Martha Cooper of The Nature Conservancy and a ditch user said Trent Botkin is the NM DOT statewide natural resource coordinator worked on the Iron Bridge project. "I presume you also need to contact the District 1 Engineer Trent Doolittle."
Gutierrez said the Iron Bridge project was under an emergency declaration from the President. "It doesn't free up funding, but it allows getting the permitting done. We used local funding, with no state or federal funding other than use of DOT equipment."
He also gave the NM CAP Entity update.
"We submitted our proposed action," Gutierrez said. "With permanent diversion improvements to the ditches, we have calculated storage at 2,300 acre-feet. Occam Engineers helped us get closer to 3,000 acre-feet. In the proposed action, the utilization of infrastructure will be to store AWSA and adjudicated water. Most of the structures are on Freeport-owned property and they haven't washed out. We will use parts that are not being farmed, with an option for pumping. There are still a lot of analyses to do. At the meeting yesterday, we added a diversion on the San Francisco and storage near Virden. We have run into problems in Santa Fe on the funding. We hope by this time next year, we will have a draft EIS to see the environmental impact."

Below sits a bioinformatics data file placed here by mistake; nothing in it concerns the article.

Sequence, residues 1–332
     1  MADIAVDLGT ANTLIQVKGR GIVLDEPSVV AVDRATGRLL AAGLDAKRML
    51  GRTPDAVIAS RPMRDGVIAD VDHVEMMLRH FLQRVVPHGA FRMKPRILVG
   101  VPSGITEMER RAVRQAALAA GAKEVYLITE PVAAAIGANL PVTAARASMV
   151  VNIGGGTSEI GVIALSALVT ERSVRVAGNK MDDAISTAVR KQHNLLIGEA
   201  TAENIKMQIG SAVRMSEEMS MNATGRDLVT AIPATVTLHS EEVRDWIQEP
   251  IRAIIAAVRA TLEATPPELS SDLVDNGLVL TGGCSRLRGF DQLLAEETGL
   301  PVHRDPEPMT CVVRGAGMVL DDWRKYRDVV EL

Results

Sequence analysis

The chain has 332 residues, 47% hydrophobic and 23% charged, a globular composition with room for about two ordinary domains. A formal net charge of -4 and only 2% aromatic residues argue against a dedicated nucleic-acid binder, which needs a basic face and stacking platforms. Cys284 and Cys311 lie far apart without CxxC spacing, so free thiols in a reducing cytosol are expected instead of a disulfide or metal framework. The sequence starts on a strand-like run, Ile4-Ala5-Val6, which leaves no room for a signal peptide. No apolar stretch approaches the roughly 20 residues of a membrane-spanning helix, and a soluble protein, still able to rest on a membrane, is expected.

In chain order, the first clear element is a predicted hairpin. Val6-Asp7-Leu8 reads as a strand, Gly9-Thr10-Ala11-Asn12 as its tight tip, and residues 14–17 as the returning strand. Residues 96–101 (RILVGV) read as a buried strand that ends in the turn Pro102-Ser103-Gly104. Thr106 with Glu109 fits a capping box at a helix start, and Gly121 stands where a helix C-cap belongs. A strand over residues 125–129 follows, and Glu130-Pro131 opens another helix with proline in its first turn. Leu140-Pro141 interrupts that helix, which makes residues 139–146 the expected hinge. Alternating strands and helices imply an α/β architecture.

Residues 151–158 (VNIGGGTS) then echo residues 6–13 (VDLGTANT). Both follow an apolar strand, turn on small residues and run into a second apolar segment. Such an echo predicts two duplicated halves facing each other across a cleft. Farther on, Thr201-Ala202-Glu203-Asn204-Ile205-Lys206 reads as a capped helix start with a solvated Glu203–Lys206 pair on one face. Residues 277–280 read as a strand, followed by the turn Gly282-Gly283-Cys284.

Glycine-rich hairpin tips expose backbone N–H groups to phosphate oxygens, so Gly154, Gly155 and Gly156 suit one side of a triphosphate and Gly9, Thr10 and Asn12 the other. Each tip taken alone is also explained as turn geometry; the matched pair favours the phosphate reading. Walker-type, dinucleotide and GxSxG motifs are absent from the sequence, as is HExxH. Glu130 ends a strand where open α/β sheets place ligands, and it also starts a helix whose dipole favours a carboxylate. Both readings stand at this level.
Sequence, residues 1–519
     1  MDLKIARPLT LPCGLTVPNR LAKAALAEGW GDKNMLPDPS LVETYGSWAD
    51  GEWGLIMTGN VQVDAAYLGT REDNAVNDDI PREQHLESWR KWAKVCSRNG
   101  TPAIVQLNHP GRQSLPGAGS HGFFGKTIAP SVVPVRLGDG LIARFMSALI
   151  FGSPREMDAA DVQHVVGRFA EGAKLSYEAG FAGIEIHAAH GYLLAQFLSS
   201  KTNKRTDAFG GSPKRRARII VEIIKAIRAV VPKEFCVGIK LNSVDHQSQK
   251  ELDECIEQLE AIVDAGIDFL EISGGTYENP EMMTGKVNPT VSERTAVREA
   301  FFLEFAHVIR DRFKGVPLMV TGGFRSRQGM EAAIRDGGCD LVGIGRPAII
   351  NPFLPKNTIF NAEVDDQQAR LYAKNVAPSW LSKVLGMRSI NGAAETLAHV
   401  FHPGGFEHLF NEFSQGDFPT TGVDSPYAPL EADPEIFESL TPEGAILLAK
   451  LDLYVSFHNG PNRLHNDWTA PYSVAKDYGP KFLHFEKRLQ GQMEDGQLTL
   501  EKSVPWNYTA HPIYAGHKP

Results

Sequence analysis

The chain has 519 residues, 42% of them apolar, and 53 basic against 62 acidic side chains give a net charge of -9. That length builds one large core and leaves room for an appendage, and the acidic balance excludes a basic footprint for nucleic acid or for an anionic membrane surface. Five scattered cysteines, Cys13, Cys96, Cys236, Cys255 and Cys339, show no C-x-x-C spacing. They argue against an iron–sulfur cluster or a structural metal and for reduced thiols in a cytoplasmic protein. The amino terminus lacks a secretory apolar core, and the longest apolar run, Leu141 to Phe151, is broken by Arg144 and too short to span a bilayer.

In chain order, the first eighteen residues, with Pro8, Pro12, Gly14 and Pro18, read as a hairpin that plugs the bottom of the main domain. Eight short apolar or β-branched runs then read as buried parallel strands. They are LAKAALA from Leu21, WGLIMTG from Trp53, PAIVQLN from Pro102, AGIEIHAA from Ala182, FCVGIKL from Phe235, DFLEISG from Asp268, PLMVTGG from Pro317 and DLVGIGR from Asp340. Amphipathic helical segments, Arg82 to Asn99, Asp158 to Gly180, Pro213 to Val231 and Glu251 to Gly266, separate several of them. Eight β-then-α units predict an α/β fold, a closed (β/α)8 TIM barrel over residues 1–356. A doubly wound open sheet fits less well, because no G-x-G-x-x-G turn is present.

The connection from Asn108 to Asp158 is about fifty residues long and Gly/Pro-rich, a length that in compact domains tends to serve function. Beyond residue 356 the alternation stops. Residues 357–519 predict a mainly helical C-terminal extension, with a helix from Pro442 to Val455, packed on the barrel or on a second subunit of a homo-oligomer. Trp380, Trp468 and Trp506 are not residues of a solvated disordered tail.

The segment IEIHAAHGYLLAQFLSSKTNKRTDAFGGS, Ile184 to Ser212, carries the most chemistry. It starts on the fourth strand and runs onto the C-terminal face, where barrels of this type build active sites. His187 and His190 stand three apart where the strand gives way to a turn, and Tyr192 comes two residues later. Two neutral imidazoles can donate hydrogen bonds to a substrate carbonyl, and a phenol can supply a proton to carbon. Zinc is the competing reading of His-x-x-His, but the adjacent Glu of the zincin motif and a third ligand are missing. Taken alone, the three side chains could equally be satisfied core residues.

He said he had a meeting in Santa Fe with The Nature Conservancy. "It was a good meeting. We were tossing ideas back and forth on the diversion. At the end of February, we will look at diversions on the Pecos. We are looking for a stable structure that provides for diversion and fish passage."
Gutierrez said he ran into the ISC concern about the NM CAP and the GBIC working on diversion designs that were similar and duplicating efforts, "but I don't think we are. A representative raised some significant concerns about the amount of storage we are looking at. I think even that amount would be beneficial. The cost-benefit ratio is not where I want it to be, but the construction costs fit into the construction fund availability, without having to battle about the New Mexico Unit fund."